How to Fix a Mac Application That's Not Starting?

Fixing file permissions or deleting preferences may help.

There can be quite a few reasons for an application to fail to launch, but the most likely cause, if you're running OS X Yosemite or earlier, is a disk permissions error. Disk permissions are flags set for each item in the file system. They define whether an item can be read, written to, or executed. Permissions are initially set when you install an application, such as Safari.

If these permissions get out of whack, they can prevent an application from working correctly. The result may be a bouncing Dock icon, as you mentioned, and an application that never finishes launching. Other times an application may appear to launch normally, but then some part of it fails to work, usually a plug-in that the application uses.

Besides file permissions, there is the possibility of an apps preference files being the source for an app that is acting wonky and not starting up or working correctly. No matter which is the cause, these tips should help you fix the problem.

Fixing App File Permission Issues: OS X Yosemite and Earlier

Disk Utility in macOS Mojave

As mentioned above, a common problem found in the earlier versions of OS X is the file permissions being set incorrectly. This can happen whenever you install a new app, update an app, or upgrade your copy of OS X. All it takes is the installer to be coded incorrectly, and an app's permissions can be set incorrectly. It doesn’t even have to be the same app being updated. You could install a new photo editing app, and it could accidentally set the permissions on a folder shared by another app incorrectly, causing the dreaded bouncing Dock icon or an app simply failing to start or work.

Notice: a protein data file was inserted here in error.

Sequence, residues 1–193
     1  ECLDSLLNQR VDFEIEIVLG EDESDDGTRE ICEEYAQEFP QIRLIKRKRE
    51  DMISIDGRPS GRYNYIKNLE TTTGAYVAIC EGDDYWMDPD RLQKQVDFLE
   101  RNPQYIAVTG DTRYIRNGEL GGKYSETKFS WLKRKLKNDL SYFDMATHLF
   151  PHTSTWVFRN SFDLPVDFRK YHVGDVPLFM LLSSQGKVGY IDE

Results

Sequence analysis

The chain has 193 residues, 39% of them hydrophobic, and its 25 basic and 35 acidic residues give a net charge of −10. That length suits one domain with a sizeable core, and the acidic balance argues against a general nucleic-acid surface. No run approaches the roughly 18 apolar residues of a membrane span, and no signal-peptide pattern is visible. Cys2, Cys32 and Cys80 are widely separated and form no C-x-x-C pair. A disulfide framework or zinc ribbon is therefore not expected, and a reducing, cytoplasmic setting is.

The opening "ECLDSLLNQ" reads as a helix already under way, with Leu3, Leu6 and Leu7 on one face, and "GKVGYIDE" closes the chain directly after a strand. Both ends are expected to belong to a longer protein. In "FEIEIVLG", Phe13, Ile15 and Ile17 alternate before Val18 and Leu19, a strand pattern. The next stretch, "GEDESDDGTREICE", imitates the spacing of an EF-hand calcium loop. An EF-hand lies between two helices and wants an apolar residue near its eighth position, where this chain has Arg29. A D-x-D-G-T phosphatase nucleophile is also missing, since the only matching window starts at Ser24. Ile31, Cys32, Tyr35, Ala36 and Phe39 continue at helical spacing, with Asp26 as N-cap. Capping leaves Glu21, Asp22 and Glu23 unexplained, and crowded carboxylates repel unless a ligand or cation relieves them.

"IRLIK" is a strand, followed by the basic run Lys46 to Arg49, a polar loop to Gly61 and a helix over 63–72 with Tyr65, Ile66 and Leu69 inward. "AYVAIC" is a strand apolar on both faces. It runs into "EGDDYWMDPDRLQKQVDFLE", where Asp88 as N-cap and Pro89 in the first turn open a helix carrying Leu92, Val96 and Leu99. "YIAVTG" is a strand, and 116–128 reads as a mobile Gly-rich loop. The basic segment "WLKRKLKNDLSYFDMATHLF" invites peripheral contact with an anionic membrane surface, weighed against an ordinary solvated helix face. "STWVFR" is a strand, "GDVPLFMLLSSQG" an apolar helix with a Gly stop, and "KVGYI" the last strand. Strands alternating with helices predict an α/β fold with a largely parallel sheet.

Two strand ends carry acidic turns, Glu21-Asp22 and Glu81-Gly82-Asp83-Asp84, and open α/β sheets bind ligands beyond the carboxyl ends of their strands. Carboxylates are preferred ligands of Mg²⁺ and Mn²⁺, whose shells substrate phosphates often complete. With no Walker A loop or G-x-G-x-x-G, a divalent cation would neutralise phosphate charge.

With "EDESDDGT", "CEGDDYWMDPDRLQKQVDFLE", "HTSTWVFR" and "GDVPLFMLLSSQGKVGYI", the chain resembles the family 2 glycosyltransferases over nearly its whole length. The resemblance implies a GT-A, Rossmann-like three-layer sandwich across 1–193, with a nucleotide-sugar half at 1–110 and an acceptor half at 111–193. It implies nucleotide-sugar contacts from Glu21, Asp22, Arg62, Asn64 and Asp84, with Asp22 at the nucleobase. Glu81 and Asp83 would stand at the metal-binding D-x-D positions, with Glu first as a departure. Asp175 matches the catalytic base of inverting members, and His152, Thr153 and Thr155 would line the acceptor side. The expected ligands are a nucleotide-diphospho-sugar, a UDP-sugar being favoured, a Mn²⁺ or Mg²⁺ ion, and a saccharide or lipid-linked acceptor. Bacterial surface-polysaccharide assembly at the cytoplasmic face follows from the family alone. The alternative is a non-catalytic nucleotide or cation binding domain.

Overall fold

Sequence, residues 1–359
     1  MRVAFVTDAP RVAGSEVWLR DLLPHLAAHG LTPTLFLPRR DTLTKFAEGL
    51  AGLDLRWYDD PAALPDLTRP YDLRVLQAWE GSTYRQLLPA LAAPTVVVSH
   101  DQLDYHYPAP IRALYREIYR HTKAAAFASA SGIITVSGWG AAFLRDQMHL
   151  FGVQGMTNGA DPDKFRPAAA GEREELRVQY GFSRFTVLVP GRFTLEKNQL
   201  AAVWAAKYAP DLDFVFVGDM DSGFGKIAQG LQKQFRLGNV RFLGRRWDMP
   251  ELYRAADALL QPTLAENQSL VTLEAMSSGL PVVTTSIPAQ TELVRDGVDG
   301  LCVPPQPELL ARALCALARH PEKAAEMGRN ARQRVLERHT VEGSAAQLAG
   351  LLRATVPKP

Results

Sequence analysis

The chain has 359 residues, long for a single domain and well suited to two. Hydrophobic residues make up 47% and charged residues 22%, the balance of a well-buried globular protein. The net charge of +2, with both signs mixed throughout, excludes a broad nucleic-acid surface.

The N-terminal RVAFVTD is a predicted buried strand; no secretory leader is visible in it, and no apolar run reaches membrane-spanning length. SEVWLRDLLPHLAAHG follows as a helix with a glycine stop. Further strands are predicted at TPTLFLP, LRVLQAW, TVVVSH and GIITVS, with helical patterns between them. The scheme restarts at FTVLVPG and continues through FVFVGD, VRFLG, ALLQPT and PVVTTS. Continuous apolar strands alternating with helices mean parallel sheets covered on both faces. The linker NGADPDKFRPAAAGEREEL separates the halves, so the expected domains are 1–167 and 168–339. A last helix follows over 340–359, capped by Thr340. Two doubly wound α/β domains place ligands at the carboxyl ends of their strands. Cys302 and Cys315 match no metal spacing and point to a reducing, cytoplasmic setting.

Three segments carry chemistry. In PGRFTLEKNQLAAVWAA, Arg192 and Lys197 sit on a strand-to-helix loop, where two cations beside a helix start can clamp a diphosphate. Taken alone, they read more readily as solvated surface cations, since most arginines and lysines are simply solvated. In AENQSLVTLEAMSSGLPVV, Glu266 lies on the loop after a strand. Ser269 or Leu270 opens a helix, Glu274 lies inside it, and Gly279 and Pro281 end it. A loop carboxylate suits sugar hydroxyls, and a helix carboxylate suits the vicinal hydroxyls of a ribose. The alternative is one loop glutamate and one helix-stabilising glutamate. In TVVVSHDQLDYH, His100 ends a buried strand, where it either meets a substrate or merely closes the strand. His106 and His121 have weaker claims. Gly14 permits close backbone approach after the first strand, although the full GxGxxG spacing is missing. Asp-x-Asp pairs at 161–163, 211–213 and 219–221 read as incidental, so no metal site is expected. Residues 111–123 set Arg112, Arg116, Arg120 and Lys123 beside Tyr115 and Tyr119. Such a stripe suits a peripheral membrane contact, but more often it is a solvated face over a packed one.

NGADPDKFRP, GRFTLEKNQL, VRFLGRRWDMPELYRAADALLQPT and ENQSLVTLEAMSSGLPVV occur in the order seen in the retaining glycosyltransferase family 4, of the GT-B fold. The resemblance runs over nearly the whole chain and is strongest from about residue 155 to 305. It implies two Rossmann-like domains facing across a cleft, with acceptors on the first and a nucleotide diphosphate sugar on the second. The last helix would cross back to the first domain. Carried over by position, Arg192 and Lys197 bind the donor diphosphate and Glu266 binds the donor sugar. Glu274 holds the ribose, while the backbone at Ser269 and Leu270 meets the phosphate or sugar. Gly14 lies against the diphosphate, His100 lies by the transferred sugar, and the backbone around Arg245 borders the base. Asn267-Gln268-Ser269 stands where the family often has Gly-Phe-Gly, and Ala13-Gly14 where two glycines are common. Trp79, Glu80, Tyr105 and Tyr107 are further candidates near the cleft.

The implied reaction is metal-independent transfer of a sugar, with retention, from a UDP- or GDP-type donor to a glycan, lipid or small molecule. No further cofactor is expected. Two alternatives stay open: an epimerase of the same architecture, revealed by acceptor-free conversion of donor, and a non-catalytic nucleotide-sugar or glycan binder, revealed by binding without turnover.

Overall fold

The first thing to try in this situation is to repair disk permissions. Luckily, you don’t need to know what the permissions should be; your Mac keeps a database of the default permissions for most applications that you’ve installed. All you need to do is launch Disk Utility and run its Repair Disk Permissions option. You can find instructions on how to do this in the About: Macs Using Disk Utility to Repair Hard Drives and Disk Permissions guide.

The other set of file permissions you may want to check are those associated with your user account. User account file settings usually won't affect applications, such as Safari, that are stored in the /Applications folder. However, some apps are placed in the user folder, so your user folder may also contain the preference files used by an application.

You can find details on fixing user account permissions in the Mac Troubleshooting: Reset User Account Permissions guide.

Illustration of a frustrated person trying to launch Safari on a Mac
Lifewire / Derek Abella

Fixing App File Permission Issues: OS X El Capitan and Later

With OS X El Capitan, Apple locked down system file permissions, including those in the /Applications folder. As a result, file permission issues should no longer be a concern as the cause for an app not working. That’s the good news; the bad news is that now you'll have to dig deeper to find out what's causing the issue.

One step to take is to visit the website of the app developer and see if there are any notes about compatibility with the version of OS X you're using or any known incompatibilities with other apps or services you may be using.